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9

Here's a nice one-liner: TransformationFunction[{{1, 0, 0, 0}, {0, 0, -1, 0}, {0, 1, 0, 3}, {0, 0, 0, 1}}] // InverseFunction TransformationFunction[{{1, 0, 0, 0}, {0, 0, 1, -3}, {0, -1, 0, 0}, {0, 0, 0, 1}}] Note that TransformationFunction[] is the head of the results returned by geometric *Transform functions, which take a homogeneous transformation ...


6

If you have a homogenous transformation matrix of the form $$\begin{bmatrix} \mathrm{R_{3 \times 3}} & \mathrm{d}_{3 \times 1} \\ 0_{1\times 3} & 1_{1\times 1} \end{bmatrix}$$ Then the inverse is given by $$\begin{bmatrix} \mathrm{R}^{-1} & -\mathrm{R}^{-1}\mathrm{d} \\ 0 & 1 \end{bmatrix}$$ Therefore, if your ...


3

Reduce[expr, x, Reals] will be your friend here, but it can take a bit of work to parse its result. Here's a solution that should work for any expression, not just polynomials (at least for the small set of examples I tried). RealInverse[a_. x_^q_Integer?Positive + b_., x_] /; FreeQ[{a, b}, x] := Surd[(x-b)/a, q] RealInverse[expr_, x_] := Module[{y, ...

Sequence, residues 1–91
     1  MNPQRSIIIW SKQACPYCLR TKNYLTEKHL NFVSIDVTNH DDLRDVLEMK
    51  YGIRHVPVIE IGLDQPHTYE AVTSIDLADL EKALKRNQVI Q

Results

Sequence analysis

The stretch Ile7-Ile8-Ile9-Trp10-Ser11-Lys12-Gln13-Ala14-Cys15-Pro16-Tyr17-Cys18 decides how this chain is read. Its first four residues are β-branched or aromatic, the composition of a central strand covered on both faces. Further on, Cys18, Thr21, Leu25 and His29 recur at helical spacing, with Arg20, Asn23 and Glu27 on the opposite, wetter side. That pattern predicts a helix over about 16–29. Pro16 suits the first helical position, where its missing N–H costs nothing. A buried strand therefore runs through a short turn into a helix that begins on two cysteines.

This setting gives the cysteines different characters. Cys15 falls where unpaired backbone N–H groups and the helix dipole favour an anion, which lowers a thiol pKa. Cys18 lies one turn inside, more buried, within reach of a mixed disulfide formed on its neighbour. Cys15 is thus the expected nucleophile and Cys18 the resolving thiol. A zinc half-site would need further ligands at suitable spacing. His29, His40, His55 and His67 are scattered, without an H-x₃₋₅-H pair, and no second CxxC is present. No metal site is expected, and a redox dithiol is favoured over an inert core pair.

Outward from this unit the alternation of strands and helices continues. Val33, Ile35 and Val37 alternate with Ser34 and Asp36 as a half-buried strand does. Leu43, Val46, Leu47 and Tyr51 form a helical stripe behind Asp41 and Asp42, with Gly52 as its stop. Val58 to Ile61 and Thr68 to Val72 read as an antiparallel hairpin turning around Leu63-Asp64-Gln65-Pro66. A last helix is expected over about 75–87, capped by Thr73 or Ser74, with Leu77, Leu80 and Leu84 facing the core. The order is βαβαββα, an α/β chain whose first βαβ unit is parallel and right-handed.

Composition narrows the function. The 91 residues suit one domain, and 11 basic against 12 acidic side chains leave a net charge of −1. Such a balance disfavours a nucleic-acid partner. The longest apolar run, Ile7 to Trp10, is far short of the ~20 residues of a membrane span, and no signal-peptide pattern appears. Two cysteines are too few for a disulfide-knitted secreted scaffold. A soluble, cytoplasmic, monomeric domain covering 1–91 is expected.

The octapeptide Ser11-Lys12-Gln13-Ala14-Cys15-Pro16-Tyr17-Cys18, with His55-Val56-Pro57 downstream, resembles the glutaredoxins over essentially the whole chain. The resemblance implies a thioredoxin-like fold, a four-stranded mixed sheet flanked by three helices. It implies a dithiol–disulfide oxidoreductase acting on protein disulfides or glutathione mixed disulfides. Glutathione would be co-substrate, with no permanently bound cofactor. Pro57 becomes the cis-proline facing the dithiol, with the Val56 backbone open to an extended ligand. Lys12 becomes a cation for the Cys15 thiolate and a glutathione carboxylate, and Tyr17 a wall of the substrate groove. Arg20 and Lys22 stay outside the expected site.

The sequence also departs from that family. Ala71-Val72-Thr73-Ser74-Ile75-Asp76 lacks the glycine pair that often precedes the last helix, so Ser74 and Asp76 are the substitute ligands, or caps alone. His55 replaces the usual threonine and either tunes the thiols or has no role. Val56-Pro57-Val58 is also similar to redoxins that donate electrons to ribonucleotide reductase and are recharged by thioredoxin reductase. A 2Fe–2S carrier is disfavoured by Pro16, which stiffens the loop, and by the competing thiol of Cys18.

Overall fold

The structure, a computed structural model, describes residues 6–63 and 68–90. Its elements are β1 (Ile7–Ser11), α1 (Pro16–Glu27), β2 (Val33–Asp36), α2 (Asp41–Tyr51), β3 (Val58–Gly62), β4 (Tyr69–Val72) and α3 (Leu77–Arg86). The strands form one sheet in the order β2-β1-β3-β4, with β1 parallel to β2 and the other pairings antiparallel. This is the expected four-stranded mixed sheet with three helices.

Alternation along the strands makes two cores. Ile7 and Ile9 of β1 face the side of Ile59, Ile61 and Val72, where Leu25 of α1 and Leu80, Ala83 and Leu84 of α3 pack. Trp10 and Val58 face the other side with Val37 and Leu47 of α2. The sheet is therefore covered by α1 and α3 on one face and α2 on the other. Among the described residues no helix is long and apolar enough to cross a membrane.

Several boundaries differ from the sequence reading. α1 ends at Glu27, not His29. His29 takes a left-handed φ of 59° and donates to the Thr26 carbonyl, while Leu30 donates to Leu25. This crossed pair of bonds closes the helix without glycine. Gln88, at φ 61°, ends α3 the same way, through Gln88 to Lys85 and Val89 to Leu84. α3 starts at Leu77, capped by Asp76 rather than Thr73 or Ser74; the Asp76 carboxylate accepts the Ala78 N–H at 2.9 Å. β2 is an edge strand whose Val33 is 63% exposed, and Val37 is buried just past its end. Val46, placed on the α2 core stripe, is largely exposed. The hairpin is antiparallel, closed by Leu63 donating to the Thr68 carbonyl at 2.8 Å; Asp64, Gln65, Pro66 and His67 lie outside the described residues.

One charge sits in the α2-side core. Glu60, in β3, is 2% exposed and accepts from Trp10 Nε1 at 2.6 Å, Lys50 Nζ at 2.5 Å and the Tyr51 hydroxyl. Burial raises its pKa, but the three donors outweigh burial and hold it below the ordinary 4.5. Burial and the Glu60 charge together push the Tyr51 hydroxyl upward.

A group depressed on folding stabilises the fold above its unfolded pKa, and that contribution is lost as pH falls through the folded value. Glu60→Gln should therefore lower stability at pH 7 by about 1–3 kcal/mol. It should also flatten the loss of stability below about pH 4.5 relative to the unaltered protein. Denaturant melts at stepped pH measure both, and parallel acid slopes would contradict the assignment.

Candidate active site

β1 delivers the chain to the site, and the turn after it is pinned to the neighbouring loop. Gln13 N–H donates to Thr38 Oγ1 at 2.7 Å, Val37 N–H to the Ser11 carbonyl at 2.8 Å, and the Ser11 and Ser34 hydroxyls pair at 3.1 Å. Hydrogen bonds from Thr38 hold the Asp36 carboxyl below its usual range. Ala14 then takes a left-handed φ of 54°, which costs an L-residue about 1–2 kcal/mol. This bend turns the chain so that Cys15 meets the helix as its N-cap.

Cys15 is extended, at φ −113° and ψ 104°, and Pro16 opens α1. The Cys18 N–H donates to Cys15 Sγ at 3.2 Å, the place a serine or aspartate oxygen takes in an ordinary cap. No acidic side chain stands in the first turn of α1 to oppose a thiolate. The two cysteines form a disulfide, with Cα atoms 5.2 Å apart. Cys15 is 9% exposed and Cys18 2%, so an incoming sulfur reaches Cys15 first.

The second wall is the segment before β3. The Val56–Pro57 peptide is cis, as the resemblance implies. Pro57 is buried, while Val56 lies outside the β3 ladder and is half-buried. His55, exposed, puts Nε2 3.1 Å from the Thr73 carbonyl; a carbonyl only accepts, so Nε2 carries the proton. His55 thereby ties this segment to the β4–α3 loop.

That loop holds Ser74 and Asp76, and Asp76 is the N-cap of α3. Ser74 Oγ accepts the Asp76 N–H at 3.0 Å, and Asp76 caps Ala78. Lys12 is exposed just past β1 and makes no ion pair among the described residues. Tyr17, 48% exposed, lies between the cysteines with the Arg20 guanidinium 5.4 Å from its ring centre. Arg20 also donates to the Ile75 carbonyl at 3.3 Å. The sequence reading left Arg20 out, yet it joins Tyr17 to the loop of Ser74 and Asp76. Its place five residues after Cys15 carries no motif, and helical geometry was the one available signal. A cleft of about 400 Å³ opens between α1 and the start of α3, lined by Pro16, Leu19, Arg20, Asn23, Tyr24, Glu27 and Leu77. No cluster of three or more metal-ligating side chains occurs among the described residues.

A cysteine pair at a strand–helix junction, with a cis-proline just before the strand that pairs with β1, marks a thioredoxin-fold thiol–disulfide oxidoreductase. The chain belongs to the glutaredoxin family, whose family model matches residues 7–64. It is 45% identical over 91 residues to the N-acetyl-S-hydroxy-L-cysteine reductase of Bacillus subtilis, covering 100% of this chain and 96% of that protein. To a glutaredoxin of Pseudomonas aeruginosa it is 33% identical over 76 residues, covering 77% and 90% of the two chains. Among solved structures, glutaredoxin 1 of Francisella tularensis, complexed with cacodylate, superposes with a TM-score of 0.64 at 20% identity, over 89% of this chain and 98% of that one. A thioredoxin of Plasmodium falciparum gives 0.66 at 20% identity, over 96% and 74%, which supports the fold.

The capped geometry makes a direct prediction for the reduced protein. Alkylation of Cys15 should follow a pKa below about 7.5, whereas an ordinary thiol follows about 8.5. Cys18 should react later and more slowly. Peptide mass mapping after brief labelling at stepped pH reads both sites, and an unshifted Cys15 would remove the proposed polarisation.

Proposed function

0

What about this? inverseFunc[x_] = x /. Solve[x^3 == y, x, Reals][[1]] /. y -> x; N@inverseFunc[3] N@inverseFunc[-1] (*1.44225*) (*-1.*)


0

One way to find and plot the real root of x^3 == y is x /. Solve[x^3 == y, x, Reals] (* {Root[-y + #1^3 &, 1]} *) Plot[%, {y, -10, 10}, AxesLabel -> {y, x}] This works for any polynomial f[x] == y that has a real root, as requested in the question. Is this what you had in mind? Addendum In response to the OP's comment below, a do-it-yourself ...


2

One possibility is to use a rectangular matrix with one block being the identity matrix. Let us consider the example in block matrix form. $\begin{pmatrix} a_{11} & a_{12} & a_{13} \\ a_{21} & a_{22} & a_{23} \\ a_{31} & a_{32} & a_{33} \\ \end{pmatrix} \cdot \begin{pmatrix} b_{11} & b_{12} & b_{13} \\ b_{21} & b_{22} ...



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